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Warwick Deeping

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Portrait of Deeping, published in 1927

George Warwick Deeping (28 May 1877 – 20 April 1950) was an English novelist and short story writer, whose best-known novel was Sorrell and Son (1925).


Born in Southend-on-Sea, Essex, into a family of physicians, Warwick Deeping was educated at Merchant Taylors' School. He proceeded to Trinity College, Cambridge, to study medicine and science (receiving his MA in March 1902[1]), then went to Middlesex Hospital to finish his medical training.[2] During the First World War, he served in the Royal Army Medical Corps. Deeping later gave up his job as a physician to become a full-time writer.[3] He married Phyllis Maude Merrill and lived for the rest of his life in "Eastlands" on Brooklands Road, Weybridge, Surrey.[4]

Warwick Deeping in 1932

He was one of the best-selling authors of the 1920s and 1930s, with seven of his novels making the best-seller list. Deeping was a prolific writer of short stories, which appeared in such British magazines as Cassell's, The Story-Teller, and The Strand. He also published fiction in several US magazines, including the Saturday Evening Post and Adventure.[5] All of the short stories and serialised novels in US magazines were reprints of works previously published in Britain. Well over 200 of his original short stories and essays that appeared in various British fiction magazines were never seen in book form during his lifetime.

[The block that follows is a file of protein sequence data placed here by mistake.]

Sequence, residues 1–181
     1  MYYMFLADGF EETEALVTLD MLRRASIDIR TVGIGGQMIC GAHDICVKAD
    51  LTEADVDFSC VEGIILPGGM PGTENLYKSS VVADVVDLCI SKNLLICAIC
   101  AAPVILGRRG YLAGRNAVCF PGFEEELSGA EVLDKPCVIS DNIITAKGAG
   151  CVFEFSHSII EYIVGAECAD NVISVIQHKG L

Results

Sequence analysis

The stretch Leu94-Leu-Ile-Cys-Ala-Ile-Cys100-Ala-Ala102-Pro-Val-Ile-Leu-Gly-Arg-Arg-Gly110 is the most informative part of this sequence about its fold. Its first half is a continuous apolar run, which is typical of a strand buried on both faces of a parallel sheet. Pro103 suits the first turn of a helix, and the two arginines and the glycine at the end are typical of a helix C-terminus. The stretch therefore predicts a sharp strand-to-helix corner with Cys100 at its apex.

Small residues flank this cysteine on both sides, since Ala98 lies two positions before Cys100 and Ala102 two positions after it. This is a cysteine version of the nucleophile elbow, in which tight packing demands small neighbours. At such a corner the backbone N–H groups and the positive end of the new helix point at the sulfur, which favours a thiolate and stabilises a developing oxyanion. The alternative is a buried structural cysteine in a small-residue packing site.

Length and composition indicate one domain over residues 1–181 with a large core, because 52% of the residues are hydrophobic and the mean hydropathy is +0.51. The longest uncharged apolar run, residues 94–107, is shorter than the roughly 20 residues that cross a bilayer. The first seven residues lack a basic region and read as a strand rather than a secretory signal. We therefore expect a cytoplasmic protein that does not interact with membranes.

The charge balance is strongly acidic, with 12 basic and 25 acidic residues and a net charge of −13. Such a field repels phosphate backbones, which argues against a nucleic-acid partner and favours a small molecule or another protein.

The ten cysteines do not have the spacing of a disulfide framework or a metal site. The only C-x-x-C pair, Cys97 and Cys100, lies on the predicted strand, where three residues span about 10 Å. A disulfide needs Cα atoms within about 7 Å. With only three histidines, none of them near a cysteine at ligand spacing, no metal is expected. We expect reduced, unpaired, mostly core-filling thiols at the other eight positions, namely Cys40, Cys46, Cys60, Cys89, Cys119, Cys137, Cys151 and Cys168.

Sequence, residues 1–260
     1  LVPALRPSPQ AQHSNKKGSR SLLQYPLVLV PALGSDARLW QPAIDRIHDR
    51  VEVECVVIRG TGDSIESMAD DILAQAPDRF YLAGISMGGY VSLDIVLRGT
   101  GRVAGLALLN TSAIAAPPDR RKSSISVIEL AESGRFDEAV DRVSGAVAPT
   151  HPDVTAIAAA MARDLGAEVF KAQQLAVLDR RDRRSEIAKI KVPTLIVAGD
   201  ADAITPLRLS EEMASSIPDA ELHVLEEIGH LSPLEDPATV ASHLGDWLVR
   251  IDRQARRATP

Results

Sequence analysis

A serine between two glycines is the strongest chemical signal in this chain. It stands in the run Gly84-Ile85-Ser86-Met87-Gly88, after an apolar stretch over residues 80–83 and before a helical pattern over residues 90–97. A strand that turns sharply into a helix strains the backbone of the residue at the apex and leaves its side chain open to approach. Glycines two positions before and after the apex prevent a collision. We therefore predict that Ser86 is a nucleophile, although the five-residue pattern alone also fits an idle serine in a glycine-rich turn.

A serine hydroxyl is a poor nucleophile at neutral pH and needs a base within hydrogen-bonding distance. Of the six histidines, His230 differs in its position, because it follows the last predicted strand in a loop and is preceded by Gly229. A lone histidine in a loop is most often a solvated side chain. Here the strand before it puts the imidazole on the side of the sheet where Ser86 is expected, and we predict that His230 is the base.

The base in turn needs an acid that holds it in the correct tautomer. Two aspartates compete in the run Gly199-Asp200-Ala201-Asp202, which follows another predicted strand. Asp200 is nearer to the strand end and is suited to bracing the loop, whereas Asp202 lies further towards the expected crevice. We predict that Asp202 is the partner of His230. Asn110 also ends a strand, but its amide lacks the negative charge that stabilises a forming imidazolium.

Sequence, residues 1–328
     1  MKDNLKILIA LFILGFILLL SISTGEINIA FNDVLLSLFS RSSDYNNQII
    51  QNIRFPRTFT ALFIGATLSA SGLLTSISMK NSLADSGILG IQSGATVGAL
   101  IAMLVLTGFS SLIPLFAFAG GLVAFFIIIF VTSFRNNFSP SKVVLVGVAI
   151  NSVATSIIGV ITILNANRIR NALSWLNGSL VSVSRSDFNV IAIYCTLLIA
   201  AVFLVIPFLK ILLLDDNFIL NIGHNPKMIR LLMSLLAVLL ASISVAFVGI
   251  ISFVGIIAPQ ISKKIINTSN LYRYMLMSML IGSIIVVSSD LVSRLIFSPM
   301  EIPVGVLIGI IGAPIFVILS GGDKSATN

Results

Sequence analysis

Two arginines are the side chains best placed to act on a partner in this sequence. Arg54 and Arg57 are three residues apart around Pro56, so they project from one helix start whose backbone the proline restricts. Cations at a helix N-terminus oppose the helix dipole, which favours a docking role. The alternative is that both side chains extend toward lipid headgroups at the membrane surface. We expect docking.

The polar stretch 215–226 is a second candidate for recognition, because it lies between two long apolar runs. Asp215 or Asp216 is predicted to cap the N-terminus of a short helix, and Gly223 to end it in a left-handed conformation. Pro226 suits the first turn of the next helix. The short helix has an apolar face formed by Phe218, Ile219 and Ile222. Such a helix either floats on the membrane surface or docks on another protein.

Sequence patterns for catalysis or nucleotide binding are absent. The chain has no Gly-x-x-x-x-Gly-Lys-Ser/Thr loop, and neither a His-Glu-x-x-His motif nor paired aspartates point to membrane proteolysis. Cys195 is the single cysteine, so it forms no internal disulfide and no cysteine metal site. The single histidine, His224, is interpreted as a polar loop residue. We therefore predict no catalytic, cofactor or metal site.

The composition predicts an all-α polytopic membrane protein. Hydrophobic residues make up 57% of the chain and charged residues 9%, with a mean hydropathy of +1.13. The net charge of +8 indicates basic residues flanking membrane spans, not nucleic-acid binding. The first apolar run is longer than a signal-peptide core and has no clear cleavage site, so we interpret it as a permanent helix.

Deeping's early work is dominated by historical romances. His later novels more usually dealt with modern life, and were critical of many tendencies of twentieth-century civilisation. His standpoint was generally that of a passionate individualism, distrustful both of ruling elites and of the lower classes, who were often presented as a threat to his embattled middle-class protagonists. His most celebrated hero is Captain Sorrell M.C., the ex-officer who after the First World War is reduced to a menial occupation in which he is bullied by those of a lower social class and less education.

Deeping's novels often deal with controversial issues. In her 2009 study, The Ordeal of Warwick Deeping,[6] Mary Grover lists these:

  • social work and medicine in the slums (Roper's Row, 1929; The Impudence of Youth, 1946; Paradise Place, 1949.)
  • gender ambiguity (The Return of the Petticoat, 1907)
  • alcoholism (A Woman's War, 1907;[7] The Woman at the Door, 1937; The Dark House, 1941)
  • euthanasia (Sorrell and Son (1925); The Dark House, 1941)
  • wife abuse and justifiable homicide (The Woman at the Door, 1937)
  • shell shock (The Secret Sanctuary, 1923)
  • rape (The White Gate, 1913)
  • pollution of the water supply (Sincerity, 1912)[8]

Critical reception[edit]